Thu, Apr 25, 2002 - Page 1 News List

Former navy officers deny Lafayette charges at hearing

ALLEGED KICKBACKS The six men indicted in the scandal feel the charges against them are humiliating and say they were simply trying improve the nation's defenses

By Jimmy Chuang  /  STAFF REPORTER

Lei Hsueh-ming, former Navy vice admiral


Six former high-ranking navy officers involved in the Lafayette frigate scandal yesterday denied the charges against them and claimed that they were simply trying to purchase the best weapons possible for the country.

The six officers appeared before the Taipei District Court (台北地方法院) yesterday for the second pre-trial hearing regarding the scandal.

Prosecutors have completed their investigation and indicted the six former navy officers on charges of forgery and corruption on July 5. The first pre-trial hearing was held on Sept. 12 last year.

It took Senior Prosecutor Chang Hsi-huai (張熙懷) approximately an hour to read the indictment against the former navy officers yesterday morning.

According to the indictment, which was based on prosecutors' evidence and interviews with the defendants and witnesses, the navy had inflated the price of the six Lafayette-class frigates purchased 11 years ago and illegally directed NT$10.8 billion to the French manufacturer, Thomson-CSF.

The six indicted former officers are former vice admiral Lei Hsueh-ming (雷學明), former vice admiral Yao Neng-chun (姚能君), former rear admiral Wang Chin-sheng (王琴生), former captain Kang Shih-chun (康世淳), former captain Hsuan Peng-lai (宣蓬萊) and former commander Cheng Chih-po (程志波).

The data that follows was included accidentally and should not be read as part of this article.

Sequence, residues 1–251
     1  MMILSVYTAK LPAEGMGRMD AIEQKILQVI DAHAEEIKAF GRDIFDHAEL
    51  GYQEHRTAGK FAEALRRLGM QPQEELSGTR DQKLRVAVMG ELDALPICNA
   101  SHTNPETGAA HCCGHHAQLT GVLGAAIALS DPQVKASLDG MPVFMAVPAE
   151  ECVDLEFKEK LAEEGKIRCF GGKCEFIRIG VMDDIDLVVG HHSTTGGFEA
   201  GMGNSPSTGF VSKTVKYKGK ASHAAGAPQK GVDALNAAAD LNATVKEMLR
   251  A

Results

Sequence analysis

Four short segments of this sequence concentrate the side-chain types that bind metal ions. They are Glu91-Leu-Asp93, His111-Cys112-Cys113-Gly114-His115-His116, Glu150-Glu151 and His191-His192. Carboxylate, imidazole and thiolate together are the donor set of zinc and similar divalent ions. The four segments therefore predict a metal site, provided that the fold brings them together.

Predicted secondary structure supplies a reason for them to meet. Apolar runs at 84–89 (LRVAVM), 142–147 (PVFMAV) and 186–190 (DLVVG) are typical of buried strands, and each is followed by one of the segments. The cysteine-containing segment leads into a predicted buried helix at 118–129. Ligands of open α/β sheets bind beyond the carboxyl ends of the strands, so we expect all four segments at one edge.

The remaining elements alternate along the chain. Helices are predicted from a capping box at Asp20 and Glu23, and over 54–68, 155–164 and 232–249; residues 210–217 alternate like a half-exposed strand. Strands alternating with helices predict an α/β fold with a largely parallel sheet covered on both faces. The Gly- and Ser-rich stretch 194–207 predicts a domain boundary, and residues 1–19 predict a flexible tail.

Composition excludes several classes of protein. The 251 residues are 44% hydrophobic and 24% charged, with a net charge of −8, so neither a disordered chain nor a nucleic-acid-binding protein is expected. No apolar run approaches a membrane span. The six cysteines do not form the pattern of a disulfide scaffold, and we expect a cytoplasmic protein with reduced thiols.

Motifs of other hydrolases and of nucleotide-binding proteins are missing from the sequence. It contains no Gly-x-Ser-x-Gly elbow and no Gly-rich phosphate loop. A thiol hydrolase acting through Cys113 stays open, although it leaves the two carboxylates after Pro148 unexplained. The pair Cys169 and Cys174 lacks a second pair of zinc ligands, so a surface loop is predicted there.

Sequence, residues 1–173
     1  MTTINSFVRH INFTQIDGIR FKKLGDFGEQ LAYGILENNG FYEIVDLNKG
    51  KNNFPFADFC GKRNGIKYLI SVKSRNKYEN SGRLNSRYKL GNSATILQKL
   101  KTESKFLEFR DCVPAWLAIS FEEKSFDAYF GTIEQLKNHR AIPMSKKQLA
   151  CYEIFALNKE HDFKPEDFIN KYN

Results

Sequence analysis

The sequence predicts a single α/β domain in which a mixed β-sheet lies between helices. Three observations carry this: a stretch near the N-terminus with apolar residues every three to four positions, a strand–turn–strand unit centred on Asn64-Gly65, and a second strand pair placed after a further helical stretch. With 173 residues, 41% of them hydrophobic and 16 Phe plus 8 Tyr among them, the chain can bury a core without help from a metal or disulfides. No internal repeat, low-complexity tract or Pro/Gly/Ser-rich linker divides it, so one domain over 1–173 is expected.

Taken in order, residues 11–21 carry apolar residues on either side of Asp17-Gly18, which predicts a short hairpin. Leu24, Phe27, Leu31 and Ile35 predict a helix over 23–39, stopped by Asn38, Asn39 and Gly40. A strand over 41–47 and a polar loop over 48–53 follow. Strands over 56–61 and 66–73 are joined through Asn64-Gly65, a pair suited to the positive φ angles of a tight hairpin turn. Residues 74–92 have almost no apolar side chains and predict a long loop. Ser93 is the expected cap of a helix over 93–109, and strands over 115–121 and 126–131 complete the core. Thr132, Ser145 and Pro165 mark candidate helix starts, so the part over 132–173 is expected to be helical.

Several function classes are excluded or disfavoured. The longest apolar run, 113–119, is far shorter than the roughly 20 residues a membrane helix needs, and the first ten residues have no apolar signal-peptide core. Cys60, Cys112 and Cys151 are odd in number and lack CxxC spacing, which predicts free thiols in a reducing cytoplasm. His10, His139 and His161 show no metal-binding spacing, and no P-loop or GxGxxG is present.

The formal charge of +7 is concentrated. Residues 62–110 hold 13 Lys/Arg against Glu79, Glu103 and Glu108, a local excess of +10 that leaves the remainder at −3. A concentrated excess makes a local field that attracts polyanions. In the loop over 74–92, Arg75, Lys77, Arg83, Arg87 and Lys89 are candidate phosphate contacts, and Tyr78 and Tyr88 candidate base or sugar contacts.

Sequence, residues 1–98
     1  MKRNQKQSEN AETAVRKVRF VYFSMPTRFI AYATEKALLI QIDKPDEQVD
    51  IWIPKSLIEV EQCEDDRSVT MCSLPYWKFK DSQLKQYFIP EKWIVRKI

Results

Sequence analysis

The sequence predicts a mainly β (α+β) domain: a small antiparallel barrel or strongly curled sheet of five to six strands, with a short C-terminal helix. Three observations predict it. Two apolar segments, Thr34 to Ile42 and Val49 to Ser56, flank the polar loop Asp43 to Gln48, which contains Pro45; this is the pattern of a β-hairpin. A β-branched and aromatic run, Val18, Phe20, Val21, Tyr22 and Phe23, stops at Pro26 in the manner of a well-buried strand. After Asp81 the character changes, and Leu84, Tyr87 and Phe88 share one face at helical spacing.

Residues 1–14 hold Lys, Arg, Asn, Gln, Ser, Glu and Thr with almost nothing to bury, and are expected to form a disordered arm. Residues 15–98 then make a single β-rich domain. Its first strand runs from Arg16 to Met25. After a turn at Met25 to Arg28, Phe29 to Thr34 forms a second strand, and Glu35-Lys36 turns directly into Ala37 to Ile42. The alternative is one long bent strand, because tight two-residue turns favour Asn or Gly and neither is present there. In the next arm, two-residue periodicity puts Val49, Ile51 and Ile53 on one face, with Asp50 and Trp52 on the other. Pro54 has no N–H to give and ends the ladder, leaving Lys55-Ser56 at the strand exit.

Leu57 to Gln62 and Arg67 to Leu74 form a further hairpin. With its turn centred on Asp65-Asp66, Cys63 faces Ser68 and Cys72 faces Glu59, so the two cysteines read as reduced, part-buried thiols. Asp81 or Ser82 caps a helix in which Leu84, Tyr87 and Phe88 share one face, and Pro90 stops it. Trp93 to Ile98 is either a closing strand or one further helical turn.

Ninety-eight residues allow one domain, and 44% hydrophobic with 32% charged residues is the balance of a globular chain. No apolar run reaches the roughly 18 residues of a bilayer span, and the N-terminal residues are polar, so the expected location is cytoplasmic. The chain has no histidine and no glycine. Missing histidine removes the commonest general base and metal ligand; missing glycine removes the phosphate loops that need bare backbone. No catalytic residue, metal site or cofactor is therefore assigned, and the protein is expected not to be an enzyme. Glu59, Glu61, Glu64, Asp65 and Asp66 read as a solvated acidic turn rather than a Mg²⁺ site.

At the hearing, Judge Liao Wen-yu (廖紋妤) read the indictment accusing the officers of violating Article 4-1 of the Statute for the Punishment of Corruption (貪汙治罪條例) and Article 213 and 216 of the Criminal Code (刑法).

Prosecutors suggested a 14-year sentence for Lei, 12 years for Yao and Kang, and 10 years for Wang and Cheng.

Prosecutors did not explain why they did not suggest any sentence for Hsuan, even though he was also indicted.

The defendants told Liao and two other judges, Liu Fang-tsu (劉芳慈) and Lee Jia-hui (李家慧), the same story. The former officers said they did not benefit the French manufacturer or accept any kickbacks, adding that they believe the charges against them are neither fair nor true.

"My colleagues and I tried our best to purchase the best ships for our country; even the Chinese government was trying to interfere and stop us," Lei said.

"Every step we took was authorized by the Navy General Headquarters and the Ministry of National Defense," he said.

"We did not make any unauthorized decisions. The prosecutors' charges were humiliating to us."

Lei indicated that Taiwan's navy had an agreement with the French manufacturer that no kickbacks were allowed.

"In that agreement, both sides agreed to abort the contract if anyone violated the agreement and the violator would be responsible for any losses," he added.

"However prosecutors did not mention this in the indictment."

The defendants' lawyers also complained to the judges that they did not have enough time to review all the details of the indictment and related legal documents since the last hearing.

Joanna Lei (雷倩), Lei Hsueh-ming's daughter, said that the defendants' lawyers and the defendants themselves needed more time to review the documents and discuss possible defenses as it is a complicated case.

"Prosecutors spent three to four months reviewing the documents before today's hearing," she said.

"However, since the indictment was submitted to the court, we [the defendants and lawyers] have not finished reviewing prosecutors' charges. We need more time. Defendants' rights should be respected."

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